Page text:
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Original Issue

5 New Orleans SAINTS

Loud. Entertaining. Swagger. It's been an off-season blitz of those words commonly associated with Rob Ryan and his defense. But it's time the results live up to the hype

ON THE seventh day of training camp, the routine was starting to get stale. New defensive coordinator Rob Ryan, however, knew just the right call to make.

While reviewing his blitz package, Ryan got to a particular blitz called "Mannie Fresh," named after the New Orleans--based rapper and producer who happens to be a huge Saints fan. Ryan kept harping on the defense's inability to get the blitz down correctly.

"He's grilling us on it, and then he turns around and pulls up this video of Mannie Fresh rapping," says linebacker Curtis Lofton. "Rob turns up the music and he's up there dancing and guys are laughing. But then, in comes Mannie Fresh, and the place just went crazy."

Part coach, part entertainer, Ryan has quickly captured the attention and respect of his players. Who could blame him for trying to bring smiles to the faces of his defenders after they lived through the bounty-scandal-scarred 2012 season?

Abysmal only begins to describe the Saints' D last year. New Orleans gave up the most yardage in NFL history (7,042), obliterating the mark set by the 1981 Baltimore Colts (6,793). Under coordinator Steve Spagnuolo, the unit finished last in the NFL against the run (147.6 yards per game, a franchise low), second to last against the pass (292.6), second to last in points allowed (28.4), and last in average rush (5.2), another franchise worst. The 2012 Saints gave up more than 500 yards in a game four times, and those breakdowns weren't all tilted toward the front half of the schedule, when the defense was depleted by bounty-related suspensions: In Week 17 a ho-hum Panthers offense rolled over the Saints for 530 yards in the Superdome.

That's the defense Ryan, 50, inherited when he was hired by New Orleans, after Jerry Jones fired him as Dallas's coordinator. (His Cowboys finished 19th in total defense last year.) But Ryan dismisses the Saints' performance in 2012 as an anomaly. "It's not fair to look at that team given the circumstances it was put through," he says.

Still miffed about losing his job with the Cowboys, Ryan says he and the Saints are a perfect fit. "I want to prove something, and everyone on our defense wants to prove something," he says.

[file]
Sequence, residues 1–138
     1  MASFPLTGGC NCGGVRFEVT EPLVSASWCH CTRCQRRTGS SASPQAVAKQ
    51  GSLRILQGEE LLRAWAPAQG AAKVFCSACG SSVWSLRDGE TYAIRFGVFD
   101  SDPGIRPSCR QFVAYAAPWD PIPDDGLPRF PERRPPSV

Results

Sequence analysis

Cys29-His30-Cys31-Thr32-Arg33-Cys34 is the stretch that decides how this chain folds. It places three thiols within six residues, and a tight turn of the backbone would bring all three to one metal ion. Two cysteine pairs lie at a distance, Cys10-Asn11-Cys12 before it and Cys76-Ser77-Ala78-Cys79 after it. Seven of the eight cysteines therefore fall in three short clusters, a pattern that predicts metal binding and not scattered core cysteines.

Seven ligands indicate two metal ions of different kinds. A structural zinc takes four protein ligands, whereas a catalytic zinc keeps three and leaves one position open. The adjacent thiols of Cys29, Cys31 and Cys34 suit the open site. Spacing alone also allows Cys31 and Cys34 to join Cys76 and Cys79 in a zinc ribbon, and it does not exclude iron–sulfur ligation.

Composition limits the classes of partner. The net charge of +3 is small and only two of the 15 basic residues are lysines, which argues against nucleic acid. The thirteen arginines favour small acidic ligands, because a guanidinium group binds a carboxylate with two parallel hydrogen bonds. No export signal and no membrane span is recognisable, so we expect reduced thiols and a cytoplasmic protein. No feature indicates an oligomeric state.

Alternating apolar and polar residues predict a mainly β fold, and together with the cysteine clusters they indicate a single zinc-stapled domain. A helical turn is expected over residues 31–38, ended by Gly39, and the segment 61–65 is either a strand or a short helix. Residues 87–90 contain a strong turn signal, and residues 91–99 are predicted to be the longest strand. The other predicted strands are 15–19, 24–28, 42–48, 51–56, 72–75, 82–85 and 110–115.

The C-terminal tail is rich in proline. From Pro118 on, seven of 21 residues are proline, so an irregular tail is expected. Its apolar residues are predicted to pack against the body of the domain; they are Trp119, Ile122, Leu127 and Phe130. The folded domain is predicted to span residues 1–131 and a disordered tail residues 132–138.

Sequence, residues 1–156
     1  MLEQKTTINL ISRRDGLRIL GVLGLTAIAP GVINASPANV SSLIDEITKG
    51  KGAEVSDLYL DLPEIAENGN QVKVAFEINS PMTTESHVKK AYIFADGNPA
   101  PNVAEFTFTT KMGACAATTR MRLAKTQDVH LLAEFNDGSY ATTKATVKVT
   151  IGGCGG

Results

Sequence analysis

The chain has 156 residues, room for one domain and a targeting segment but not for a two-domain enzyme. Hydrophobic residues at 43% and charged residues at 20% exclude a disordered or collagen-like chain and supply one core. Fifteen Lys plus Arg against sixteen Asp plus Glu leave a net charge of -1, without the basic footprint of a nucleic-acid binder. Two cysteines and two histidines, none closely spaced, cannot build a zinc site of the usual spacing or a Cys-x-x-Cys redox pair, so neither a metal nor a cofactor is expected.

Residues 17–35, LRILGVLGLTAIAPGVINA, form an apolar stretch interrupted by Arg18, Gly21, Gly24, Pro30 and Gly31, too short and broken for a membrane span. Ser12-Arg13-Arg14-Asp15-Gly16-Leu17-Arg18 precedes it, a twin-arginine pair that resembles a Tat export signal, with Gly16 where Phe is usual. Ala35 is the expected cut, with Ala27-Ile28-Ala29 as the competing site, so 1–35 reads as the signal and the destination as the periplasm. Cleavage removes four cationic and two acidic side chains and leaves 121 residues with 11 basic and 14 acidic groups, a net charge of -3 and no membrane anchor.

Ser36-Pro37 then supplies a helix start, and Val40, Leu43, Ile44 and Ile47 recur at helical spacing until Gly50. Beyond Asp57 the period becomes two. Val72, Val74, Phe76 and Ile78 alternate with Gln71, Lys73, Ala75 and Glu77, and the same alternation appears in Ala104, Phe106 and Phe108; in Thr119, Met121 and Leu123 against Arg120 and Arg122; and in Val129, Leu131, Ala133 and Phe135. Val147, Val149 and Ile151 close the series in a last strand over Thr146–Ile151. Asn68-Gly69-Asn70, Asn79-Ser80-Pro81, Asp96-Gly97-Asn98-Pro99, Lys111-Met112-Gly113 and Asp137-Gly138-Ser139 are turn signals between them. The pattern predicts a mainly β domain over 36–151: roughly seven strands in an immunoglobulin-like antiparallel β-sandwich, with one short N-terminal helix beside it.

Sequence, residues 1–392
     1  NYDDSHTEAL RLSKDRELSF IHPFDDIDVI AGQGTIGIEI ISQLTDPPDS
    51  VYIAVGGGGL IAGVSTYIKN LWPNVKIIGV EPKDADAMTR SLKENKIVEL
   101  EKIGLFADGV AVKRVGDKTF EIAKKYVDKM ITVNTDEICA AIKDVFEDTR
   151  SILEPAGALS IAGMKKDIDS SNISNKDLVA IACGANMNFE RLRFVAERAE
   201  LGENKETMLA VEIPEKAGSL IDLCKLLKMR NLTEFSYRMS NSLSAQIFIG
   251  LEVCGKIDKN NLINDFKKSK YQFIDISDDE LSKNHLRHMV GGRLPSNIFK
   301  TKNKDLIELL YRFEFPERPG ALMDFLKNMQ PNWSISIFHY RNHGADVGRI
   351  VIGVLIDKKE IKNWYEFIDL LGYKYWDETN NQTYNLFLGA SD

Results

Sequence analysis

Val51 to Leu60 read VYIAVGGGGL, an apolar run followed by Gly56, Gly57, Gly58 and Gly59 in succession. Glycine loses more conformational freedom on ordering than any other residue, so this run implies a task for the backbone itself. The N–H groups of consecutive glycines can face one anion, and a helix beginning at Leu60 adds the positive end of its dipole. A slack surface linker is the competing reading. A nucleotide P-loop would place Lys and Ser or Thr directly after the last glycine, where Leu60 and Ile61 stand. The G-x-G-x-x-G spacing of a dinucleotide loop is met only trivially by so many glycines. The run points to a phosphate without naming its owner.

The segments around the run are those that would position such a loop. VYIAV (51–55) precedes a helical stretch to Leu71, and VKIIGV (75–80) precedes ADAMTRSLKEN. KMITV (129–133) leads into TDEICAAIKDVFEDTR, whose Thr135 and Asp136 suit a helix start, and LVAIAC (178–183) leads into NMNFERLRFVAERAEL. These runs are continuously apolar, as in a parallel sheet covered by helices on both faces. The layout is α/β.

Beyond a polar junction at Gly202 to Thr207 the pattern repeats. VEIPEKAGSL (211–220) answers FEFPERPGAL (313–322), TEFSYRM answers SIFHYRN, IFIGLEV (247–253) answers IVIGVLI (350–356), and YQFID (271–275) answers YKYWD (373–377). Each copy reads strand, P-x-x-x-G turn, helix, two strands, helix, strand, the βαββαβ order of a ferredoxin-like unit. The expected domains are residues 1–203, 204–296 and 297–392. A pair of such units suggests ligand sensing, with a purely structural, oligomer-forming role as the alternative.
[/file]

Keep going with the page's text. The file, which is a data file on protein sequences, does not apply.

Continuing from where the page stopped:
While Ryan doesn't entirely mirror disgraced former Saints defensive coordinator Gregg Williams—the architect of the team's Super Bowl XLIV--winning defense, but also of its infamous bounty program—he brings a similar attacking mentality, he loves to dial up a complex array of blitzes, and he's known for his swagger and salty language. Ryan brings in his own 3--4 defense, replacing the 4--3 that Williams predominantly played, but recall: Both men learned early defensive lessons from Buddy Ryan, Rob's father, with whom Williams coached on the Houston Oilers staff of the early 1990s. Rob Ryan's lean-in philosophy on defense will help the Saints, who too often played back on their heels under Spagnuolo.

"He's the right guy for this team," says Bobby Hebert, an ex-Saints QB turned New Orleans radio host. "I'm not saying he's the second coming of Gregg Williams, but [the fans and the players] embrace the Gregg Williams mentality—setting the tone, dictating tempo, being aggressive, creating turnovers. They won a Super Bowl that way on D."

But does Ryan have the necessary parts to do that with his 3--4? His D relies heavily on the pass rush, and that means outside linebackers Junior Galette, Will Smith and Martez Wilson have to create pressure, along with ends Cameron Jordan and Akiem Hicks. The preseason results were encouraging, with Smith, an end for nine seasons, warming to his new role at linebacker, and both Galette and Jordan flashing in pass-rush situations.

With coach Sean Payton's return to the sideline after a yearlong suspension, the Drew Brees--led offense is expected to be even stronger; last season New Orleans ranked No. 3 in scoring. If Ryan can rebuild his unit's confidence and find enough pass rush to make his pressure-at-all-costs defense work, fans will forget 2012 ever happened.

"He's got a swagger and a presence," says Brees, "and that's when we play our best, on both sides of the ball—when we have that aggressive mentality. That's how we've won here."


Strong safety Kenny Vaccaro

It hasn't taken long for Vaccaro to make a sizable impact in a Saints secondary looking to rebound from a terrible 2012: The feisty and energetic first-round pick from Texas spent the preseason hitting everyone in sight, opponents and slightly perturbed teammates alike. New Orleans fans are going to love his intrepid playing style, and opponents are going to learn to keep track of him when they venture into his area. The 6' 1", 214-pound Vaccaro plays as if he's spring-loaded, with defensive coordinator Rob Ryan comparing him with a young Rodney Harrison. New Saints CB Keenan Lewis, late of the Steelers, likens his fearlessness to that of Troy Polamalu. "I nicknamed him Tasmanian Devil," says Lewis. "He flies around and chews things up. And we don't want him toning that down." The Saints may move Vaccaro all around in coverage, as a slot defender or back in the secondary where he packs a punch in run defense and has promising centerfield coverage skills. But he'll be out there somewhere, waiting to line up his next big hit and bring a little moxie to a New Orleans D that's in search of a substantial rebound.